Educational resources for teachers

Case of the month

The case of the month project provides high school teachers with some of the necessary tools to educate their students about the Wisconsin Supreme Court. Each month, during the Supreme Court's session, a "teachable" case will be highlighted. It will be chosen from the cases the Court will hear that month.

The case of the month includes a plain-English summary of the case and links to the briefs, Court of Appeals decision (if applicable), and the audio recording of the Court's oral argument. Educators and the public can sign up to receive e-mail notification when the Court issues its decision in a particular case. For past months cases check the case of the month archive.

This month's case - April 2015

State v. Shata

Case number: 2013AP1437-CR
Wisconsin Supreme Court
Oral argument: April 21, 2015, 9:45 a.m. (Audio)

Printable version Adobe PDF
Court of Appeals opinion
Adobe PDF
Briefs Adobe PDF

This is a review of a decision of the Wisconsin Court of Appeals, District I (headquartered in Milwaukee), which reversed a Milwaukee County Circuit Court decision, Judge Timothy G. Dugan, presiding.

The central issue raised in this case, as in 2013AP2435-CR, State v. Ortiz-Mondragon, is the scope of defense counsel’s obligation to advise defendants of their likely risk of deportation in light of the U.S. Supreme Court’s decision in Padilla v. Kentucky, 559 U.S. 356 (2010). Padilla held that constitutionally competent counsel would have advised the defendant that his conviction for drug distribution made him subject to automatic deportation.

Some background: Hatem Shata, an Egyptian national, was charged with possession with intent to deliver marijuana as party to a crime. On Oct. 5, 2012, he appeared in court and Shata’s attorney informed the court that Shata was concerned about the immigration consequences of a plea.

Shata’s counsel explained that Shata was not a U.S. citizen and that there was a potential he could be deported. Shata acknowledged that, and he informed the circuit court that he wished to go forward with his plea. Shata pleaded guilty to one count of possession with intent to deliver marijuana as party to a crime. He was subsequently sentenced to one year of initial confinement and four years of extended supervision.

On March 15, 2013, Shata filed a post-conviction motion to withdraw his plea claiming that his trial attorney’s performance was deficient because counsel failed to inform Shata “that federal law required he be deported following his conviction.”

At the ensuing hearing, Shata’s trial counsel, Atty. James Toran, testified that he knew Shata was concerned about the possibility of deportation and explained that he knew Shata’s conviction would subject him to deportation, but that he did not know it was mandatory. Toran testified that he told Shata there was “a strong chance” that he would be deported. Toran also explained that he “had no viable defense,” and that Shata chose to plead guilty because “we could not really prevail if we went to trial[,]” and Shata wanted to take advantage of the State’s recommendation for probation. Shata testified that Toran “didn’t say for sure” that he would be deported, and that he would not have pleaded guilty if he had known that his deportation was “mandatory.”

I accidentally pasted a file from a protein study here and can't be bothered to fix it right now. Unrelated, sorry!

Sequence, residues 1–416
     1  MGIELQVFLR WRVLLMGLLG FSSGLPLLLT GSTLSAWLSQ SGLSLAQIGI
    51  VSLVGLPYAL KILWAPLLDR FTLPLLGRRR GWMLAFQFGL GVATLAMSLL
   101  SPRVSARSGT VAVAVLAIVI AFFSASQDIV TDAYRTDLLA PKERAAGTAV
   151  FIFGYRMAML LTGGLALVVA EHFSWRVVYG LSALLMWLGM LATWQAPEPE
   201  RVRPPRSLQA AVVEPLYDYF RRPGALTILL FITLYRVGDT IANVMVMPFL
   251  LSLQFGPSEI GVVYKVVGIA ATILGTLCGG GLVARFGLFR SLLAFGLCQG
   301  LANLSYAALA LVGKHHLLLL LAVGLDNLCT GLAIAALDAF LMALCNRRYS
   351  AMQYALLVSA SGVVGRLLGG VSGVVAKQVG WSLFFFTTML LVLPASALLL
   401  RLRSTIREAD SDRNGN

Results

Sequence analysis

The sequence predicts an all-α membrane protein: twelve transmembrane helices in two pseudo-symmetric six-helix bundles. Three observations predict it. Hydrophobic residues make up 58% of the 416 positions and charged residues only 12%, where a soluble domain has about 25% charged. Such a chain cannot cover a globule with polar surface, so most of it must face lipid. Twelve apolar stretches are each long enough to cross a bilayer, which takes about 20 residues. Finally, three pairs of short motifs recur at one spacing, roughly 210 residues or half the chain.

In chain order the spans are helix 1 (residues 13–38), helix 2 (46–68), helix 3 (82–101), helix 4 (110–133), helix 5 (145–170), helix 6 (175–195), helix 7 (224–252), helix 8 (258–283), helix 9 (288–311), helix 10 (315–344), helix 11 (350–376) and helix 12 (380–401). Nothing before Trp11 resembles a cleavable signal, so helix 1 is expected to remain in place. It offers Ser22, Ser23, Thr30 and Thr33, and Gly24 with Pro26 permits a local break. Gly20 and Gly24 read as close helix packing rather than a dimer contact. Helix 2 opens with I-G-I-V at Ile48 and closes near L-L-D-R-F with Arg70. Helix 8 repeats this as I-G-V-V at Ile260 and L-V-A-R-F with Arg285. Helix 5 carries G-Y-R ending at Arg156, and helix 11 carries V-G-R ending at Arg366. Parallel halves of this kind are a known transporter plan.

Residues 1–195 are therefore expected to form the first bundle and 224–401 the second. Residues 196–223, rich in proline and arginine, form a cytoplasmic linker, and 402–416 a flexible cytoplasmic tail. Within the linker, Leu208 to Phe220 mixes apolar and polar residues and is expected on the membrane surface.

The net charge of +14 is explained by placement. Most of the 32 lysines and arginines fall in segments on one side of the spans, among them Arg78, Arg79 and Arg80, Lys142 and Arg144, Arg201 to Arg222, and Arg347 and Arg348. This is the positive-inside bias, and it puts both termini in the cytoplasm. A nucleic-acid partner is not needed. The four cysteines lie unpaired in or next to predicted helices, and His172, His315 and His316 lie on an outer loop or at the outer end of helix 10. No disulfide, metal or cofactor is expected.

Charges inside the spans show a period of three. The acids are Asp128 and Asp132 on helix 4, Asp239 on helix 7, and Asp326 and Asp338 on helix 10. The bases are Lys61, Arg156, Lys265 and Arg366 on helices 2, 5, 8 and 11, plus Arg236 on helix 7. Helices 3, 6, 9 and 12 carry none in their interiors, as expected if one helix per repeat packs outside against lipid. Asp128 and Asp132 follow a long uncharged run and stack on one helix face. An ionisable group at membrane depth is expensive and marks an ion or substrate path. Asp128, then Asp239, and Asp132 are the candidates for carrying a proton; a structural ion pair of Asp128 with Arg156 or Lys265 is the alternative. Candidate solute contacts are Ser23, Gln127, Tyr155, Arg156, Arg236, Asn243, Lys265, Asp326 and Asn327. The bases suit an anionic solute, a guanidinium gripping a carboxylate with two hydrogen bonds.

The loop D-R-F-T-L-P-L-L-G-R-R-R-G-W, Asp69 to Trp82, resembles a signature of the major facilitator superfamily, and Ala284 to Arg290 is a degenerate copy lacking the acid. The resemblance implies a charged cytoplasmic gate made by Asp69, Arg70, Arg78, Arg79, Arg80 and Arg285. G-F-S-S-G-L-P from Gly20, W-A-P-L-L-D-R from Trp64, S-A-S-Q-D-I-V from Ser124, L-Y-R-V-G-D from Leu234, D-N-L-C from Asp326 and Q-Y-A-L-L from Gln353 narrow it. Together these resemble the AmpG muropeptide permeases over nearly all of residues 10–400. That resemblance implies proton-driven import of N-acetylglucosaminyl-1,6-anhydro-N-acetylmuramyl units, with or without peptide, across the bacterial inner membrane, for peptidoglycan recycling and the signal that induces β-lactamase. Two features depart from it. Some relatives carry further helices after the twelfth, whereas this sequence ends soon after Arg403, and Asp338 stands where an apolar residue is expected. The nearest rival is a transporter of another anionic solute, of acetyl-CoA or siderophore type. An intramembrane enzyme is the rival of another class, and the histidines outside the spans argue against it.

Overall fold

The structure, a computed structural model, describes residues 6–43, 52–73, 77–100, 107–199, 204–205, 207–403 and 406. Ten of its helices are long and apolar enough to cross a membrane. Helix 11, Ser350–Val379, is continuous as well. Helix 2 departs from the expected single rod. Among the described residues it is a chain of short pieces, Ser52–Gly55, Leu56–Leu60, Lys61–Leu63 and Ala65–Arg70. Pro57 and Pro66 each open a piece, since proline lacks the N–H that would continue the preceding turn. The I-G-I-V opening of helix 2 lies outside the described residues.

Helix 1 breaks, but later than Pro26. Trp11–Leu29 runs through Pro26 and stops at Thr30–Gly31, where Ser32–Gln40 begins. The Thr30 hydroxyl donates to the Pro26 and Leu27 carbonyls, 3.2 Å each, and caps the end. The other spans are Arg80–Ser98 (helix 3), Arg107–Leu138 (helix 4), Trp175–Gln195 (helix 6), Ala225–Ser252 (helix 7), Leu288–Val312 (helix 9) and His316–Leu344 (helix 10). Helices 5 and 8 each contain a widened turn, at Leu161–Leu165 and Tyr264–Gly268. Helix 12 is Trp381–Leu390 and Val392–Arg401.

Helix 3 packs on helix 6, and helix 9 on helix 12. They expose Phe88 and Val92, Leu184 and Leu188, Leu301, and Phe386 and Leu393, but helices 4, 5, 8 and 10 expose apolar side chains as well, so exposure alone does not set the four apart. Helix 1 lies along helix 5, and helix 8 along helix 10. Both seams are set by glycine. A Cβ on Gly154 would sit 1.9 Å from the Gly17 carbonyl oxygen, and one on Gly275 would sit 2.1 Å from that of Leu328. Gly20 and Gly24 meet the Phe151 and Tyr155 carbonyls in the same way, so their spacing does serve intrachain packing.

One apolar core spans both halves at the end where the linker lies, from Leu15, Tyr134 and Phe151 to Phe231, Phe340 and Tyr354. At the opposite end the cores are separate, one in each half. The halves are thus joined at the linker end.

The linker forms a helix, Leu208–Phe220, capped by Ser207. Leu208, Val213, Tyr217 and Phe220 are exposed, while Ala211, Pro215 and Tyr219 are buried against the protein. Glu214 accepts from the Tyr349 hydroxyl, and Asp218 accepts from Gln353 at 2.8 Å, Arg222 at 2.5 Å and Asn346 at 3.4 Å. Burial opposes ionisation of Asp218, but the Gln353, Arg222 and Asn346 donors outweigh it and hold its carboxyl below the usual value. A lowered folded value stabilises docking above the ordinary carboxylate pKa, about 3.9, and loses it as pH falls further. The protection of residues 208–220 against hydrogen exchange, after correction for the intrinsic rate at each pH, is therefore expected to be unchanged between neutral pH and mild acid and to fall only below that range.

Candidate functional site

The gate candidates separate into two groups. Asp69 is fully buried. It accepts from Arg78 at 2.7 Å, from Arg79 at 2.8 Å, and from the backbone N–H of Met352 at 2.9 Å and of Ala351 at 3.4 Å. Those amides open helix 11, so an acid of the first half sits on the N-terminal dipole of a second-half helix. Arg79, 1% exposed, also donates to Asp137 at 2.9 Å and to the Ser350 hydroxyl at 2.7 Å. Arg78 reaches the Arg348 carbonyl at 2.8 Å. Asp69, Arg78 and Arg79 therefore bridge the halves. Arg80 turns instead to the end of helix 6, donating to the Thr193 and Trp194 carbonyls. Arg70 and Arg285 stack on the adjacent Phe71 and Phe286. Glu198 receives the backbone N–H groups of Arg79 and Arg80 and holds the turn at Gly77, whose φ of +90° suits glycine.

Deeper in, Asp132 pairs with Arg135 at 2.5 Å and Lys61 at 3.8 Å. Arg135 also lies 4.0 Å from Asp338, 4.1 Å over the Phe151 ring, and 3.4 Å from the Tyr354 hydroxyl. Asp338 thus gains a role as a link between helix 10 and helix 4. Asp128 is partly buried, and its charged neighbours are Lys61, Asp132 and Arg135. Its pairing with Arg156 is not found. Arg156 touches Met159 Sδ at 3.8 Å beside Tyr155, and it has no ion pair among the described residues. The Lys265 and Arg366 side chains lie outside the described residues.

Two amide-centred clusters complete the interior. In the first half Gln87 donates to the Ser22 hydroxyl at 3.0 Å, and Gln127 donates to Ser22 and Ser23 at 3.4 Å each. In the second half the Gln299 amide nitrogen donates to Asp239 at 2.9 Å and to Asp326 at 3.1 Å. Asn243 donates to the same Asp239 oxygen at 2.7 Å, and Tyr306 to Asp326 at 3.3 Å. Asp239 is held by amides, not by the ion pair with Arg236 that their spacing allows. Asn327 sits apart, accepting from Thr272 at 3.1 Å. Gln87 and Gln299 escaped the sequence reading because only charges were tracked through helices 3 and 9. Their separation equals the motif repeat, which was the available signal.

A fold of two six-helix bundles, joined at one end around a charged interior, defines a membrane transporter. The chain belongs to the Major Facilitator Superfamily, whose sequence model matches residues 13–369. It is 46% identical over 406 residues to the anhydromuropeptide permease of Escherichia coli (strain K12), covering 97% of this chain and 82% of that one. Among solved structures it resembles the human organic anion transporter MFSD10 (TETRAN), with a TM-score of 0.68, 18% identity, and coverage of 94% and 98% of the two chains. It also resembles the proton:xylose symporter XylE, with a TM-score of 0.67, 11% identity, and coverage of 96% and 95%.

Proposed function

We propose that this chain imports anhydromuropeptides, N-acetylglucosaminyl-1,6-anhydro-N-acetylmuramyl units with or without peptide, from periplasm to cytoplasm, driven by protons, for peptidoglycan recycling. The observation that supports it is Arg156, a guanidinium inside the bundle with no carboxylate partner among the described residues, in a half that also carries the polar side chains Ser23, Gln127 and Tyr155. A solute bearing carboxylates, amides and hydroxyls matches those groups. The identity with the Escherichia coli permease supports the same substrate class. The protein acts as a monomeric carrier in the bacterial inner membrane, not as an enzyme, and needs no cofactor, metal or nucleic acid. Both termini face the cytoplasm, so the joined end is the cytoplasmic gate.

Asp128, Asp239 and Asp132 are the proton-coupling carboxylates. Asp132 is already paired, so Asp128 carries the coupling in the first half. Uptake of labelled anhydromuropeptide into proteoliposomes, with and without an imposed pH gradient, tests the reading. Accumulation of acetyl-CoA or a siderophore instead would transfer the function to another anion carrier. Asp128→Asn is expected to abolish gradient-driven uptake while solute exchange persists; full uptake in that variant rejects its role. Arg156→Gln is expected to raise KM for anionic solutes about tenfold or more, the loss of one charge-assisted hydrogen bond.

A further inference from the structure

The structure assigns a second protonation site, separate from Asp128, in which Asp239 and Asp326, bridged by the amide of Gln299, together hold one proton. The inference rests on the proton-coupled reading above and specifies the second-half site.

The circuit court found “the testimony of Mr. Toran to be credible under the circumstances, that he did advise Mr. Shata, unlike Padilla, that there was a strong likelihood that he would be deported.” The court rejected Shata’s testimony “that Mr. Toran told Mr. Shata that he would be getting probation and would go back to New Jersey and nothing would happen.” Shata appealed. A majority of the Court of Appeals reversed, holding that Shata’s attorney, who advised Shata that he faced a “strong likelihood” of deportation, had performed deficiently under Padilla’s mandate that “counsel must inform her client whether his plea carries a risk of deportation.” Padilla, 559 U.S. at 374.

The Court of Appeals remanded with directions to permit Shata to withdraw his guilty plea.

The state maintains that the Court of Appeals’ majority misapplied Padilla in holding that Shata’s attorney had to do more. Indeed, the state asserts that the “majority opinion in this case not only extends beyond the requirements of Padilla by imposing a new and far more stringent standard on defense attorneys in terms of how they must advise clients who face deportation due to their criminal convictions, it does so without a clear explanation of what they have to do to satisfy that standard.”

The state is also aggrieved that, rather than remanding the case to permit the circuit court to perform the required analysis, the majority simply held that “Shata was prejudiced” and that “because of the inaccurate and prejudicial advice Shata received from counsel, he is entitled to withdraw his guilty plea.” The state contends that “[a]t a minimum, the Court of Appeals should have remanded the case to the circuit court for additional analysis and related findings” citing a similar case in which this was done. See Mendez, 354 Wis. 2d 88, ¶¶12, 17.

A decision by the Supreme Court is expected to clarify the scope of defense counsel’s obligation to advise defendants of their likely risk of deportation in light of the U.S. Supreme Court’s decision in Padilla v. Kentucky, 559 U.S. 356 (2010).

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